Sunday, January 17, 2010

Sleep, Exercise & Weight Gain

According to Reuters News, the results of a small study make a common-sense claim: Lack of sleep leads to lack of exercise, which leads to weight gain.

Several studies have found that people who are not sleeping enough tend to gain weight. But a connection was never explained fully.

Last year, the Sleep Education Blog
reported that sleep deprivation causes changes in hormones that regulate your appetite. This could eventually lead to weight gain.

The results of this study may point to a simpler explanation.

study took place in Germany. It involved 15 healthy men who were of normal weight. Participants were observed for four nights in a sleep lab. On two of the nights, the men slept for eight hours. For the other two, they were only allowed to sleep for four hours. During the following days, the men wore wrist devices to track their movement.

On the days following sleep deprivation, the participants’ activity levels fell. After getting eight hours of sleep, the men spent 25 percent of their time awake doing high-intensity exercise. After four hours of sleep, the amount of time spent doing these activities fell to 22 percent.

The men did not report feeling more hungry, and they did not eat more after the nights of sleep deprivation. No changes in blood levels or appetite-regulating hormones were found.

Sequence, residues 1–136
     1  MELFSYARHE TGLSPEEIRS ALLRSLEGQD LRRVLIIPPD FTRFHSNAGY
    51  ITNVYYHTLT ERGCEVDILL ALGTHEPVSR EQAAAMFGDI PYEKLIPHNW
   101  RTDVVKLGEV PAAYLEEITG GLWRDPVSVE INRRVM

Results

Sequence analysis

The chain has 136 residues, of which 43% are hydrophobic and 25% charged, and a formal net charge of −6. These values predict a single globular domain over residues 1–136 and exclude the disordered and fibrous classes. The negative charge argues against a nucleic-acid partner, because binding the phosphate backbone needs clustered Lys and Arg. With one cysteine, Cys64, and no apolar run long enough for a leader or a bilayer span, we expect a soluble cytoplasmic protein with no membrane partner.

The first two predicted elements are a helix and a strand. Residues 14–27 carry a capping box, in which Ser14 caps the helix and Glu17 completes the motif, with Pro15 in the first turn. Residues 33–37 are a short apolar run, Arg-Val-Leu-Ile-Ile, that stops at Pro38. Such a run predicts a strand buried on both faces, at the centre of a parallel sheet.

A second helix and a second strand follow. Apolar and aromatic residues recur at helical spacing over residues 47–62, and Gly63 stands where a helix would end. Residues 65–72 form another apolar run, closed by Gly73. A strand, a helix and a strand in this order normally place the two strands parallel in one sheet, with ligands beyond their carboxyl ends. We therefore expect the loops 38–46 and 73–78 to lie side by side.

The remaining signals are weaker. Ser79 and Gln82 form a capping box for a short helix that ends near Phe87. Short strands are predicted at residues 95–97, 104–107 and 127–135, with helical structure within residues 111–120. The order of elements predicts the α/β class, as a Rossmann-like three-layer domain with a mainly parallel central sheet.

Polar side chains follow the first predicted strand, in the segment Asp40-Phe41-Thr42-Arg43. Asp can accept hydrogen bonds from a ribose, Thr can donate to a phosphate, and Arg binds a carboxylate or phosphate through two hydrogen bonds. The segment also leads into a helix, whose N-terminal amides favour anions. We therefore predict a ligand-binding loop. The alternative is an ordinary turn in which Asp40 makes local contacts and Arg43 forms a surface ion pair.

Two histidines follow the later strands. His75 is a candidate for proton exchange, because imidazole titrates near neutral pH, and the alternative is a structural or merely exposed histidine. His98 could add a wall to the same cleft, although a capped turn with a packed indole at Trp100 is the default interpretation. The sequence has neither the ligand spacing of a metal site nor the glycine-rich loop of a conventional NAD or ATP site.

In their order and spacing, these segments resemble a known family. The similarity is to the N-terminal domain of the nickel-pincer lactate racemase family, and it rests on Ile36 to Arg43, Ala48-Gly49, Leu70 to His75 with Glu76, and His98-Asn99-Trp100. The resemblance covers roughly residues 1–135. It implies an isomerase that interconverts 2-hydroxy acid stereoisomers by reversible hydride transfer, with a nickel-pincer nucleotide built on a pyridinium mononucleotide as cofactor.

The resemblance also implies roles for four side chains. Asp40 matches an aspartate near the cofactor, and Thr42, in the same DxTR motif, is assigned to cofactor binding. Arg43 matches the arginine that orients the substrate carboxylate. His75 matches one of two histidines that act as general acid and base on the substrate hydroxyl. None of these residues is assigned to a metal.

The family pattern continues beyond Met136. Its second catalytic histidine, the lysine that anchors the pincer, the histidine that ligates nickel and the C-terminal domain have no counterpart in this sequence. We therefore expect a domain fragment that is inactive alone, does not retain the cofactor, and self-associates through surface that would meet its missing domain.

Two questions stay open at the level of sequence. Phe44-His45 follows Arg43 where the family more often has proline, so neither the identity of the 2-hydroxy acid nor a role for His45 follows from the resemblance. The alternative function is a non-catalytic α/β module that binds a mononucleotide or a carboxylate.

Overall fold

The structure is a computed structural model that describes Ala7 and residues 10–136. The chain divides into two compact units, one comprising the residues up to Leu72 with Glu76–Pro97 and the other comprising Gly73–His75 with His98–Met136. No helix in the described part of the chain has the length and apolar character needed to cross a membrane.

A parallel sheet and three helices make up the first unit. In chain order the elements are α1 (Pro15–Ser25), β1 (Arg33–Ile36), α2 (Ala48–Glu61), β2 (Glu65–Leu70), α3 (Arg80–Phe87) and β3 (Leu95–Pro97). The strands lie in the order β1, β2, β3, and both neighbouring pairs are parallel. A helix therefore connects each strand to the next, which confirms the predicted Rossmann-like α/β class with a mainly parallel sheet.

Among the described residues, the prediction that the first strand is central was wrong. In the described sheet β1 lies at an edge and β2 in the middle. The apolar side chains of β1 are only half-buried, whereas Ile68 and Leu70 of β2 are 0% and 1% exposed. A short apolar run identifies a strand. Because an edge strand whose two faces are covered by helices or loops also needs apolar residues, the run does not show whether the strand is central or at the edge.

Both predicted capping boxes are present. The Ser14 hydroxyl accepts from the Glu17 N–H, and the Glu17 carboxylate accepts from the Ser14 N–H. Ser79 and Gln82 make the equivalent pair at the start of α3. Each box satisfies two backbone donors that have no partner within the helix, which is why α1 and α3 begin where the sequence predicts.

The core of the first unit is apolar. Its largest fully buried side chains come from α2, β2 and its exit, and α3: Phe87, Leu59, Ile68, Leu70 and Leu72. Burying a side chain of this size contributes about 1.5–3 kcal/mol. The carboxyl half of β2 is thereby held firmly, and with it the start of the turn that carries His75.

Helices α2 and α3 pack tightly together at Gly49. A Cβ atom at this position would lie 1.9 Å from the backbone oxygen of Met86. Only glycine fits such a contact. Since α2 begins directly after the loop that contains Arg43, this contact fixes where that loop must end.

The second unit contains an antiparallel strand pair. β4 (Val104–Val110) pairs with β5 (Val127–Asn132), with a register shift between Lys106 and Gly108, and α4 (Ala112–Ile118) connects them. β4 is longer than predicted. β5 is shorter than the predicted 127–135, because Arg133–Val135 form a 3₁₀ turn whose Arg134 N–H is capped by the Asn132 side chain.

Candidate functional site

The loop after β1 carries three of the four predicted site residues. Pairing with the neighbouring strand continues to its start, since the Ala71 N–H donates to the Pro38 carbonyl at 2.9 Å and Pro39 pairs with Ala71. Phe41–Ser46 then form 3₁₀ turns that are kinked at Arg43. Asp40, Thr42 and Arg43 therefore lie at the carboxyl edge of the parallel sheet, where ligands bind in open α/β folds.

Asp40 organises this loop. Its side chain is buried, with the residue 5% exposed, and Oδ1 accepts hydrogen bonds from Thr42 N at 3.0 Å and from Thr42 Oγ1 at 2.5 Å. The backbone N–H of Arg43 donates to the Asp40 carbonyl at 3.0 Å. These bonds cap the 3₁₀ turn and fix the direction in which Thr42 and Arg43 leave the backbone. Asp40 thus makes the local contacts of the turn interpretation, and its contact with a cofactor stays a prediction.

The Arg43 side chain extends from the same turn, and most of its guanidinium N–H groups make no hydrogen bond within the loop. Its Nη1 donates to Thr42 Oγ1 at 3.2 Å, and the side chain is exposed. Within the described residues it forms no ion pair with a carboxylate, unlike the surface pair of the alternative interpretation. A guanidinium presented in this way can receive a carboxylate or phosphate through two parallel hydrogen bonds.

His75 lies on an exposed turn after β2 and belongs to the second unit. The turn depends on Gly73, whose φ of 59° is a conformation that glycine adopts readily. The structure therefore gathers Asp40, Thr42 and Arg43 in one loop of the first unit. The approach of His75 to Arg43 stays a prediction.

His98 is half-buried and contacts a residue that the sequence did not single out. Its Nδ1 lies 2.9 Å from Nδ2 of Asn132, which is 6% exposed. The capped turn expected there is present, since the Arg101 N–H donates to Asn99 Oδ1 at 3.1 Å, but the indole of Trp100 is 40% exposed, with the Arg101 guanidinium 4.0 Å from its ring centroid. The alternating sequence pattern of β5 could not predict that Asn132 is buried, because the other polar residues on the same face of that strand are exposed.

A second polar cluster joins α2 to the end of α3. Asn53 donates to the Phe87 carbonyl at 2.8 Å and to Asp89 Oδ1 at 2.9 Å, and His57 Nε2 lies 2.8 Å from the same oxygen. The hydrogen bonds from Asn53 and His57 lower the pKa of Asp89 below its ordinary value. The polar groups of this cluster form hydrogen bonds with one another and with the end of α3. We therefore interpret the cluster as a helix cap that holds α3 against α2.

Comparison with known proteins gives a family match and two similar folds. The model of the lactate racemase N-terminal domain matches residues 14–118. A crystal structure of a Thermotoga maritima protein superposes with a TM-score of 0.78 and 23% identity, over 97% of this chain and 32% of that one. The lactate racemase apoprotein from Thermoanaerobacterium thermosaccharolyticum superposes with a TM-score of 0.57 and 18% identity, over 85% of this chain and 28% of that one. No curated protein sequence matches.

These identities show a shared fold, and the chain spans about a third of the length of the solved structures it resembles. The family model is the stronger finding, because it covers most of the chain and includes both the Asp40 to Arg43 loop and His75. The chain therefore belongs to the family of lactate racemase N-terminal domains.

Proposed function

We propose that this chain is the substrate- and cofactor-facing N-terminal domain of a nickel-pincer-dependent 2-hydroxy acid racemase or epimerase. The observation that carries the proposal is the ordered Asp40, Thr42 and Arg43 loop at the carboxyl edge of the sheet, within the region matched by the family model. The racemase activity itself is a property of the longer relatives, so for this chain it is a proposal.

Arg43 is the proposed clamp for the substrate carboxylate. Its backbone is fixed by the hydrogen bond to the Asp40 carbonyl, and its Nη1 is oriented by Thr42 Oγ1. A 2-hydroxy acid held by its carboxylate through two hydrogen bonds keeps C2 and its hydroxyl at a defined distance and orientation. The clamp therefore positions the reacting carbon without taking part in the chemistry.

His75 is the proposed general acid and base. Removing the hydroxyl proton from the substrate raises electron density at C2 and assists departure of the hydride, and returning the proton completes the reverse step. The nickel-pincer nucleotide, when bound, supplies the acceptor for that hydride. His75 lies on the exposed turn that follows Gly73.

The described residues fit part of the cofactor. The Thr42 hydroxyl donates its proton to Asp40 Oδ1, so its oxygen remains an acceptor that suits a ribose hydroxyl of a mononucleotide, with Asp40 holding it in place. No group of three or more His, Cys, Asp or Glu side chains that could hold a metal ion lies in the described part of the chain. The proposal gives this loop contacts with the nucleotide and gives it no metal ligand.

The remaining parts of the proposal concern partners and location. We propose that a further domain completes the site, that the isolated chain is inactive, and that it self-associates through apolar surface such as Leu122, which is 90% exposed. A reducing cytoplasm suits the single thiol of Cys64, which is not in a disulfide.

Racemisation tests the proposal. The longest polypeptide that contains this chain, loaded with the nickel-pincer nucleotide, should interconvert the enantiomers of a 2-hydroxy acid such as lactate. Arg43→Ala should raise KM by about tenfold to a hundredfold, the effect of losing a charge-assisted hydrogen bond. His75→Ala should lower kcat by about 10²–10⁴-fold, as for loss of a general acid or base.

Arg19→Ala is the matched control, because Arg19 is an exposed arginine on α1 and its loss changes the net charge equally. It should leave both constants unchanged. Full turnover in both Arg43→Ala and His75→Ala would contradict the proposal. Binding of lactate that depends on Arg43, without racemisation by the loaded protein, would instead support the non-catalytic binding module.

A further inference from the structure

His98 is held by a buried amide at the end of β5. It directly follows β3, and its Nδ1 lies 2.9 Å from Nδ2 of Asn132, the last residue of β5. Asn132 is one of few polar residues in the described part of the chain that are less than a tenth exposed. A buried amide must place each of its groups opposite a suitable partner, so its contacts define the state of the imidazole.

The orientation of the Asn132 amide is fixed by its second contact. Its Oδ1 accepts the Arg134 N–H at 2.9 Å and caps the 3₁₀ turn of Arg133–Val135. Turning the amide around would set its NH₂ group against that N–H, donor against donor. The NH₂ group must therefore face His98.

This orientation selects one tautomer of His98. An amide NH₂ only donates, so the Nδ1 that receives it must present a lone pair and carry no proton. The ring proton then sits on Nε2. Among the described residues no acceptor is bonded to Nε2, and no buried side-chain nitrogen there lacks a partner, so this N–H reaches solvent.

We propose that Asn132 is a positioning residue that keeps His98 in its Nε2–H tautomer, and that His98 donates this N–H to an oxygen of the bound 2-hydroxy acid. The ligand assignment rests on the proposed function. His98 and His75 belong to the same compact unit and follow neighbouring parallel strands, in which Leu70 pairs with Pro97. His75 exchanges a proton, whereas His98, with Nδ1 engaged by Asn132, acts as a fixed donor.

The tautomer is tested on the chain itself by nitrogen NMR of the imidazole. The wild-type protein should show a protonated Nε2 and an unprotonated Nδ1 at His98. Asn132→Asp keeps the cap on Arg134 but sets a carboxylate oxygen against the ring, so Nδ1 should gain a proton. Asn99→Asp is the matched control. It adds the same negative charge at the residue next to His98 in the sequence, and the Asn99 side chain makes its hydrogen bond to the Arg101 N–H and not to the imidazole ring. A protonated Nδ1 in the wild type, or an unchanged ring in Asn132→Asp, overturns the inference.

The authors of the study note that their findings do not eliminate a potential link between hunger, appetite-regulating hormones and chronic sleep deprivation. But they do indicate that even a small amount of sleep loss can reduce physical activity. Over time, if you don’t exercise you might begin to put on weight.

Visit Sleep to learn more about the link between
sleep and weight.

Image by mikebaird


Anonymous said...

I think polls like this need more detailed follow-up that analyzes the components of sleep (I mean REM, deep sleep, wake time, etc.) for patterns associated with the physical problems mentioned like weight gain.

I found this blog looking for info on deep sleep, that which promotes physical healing and even bone and muscle growth, which I have less of than my age cohort, although over-all good sleep scores. I cannot find any!

hakan altan said...

thank you

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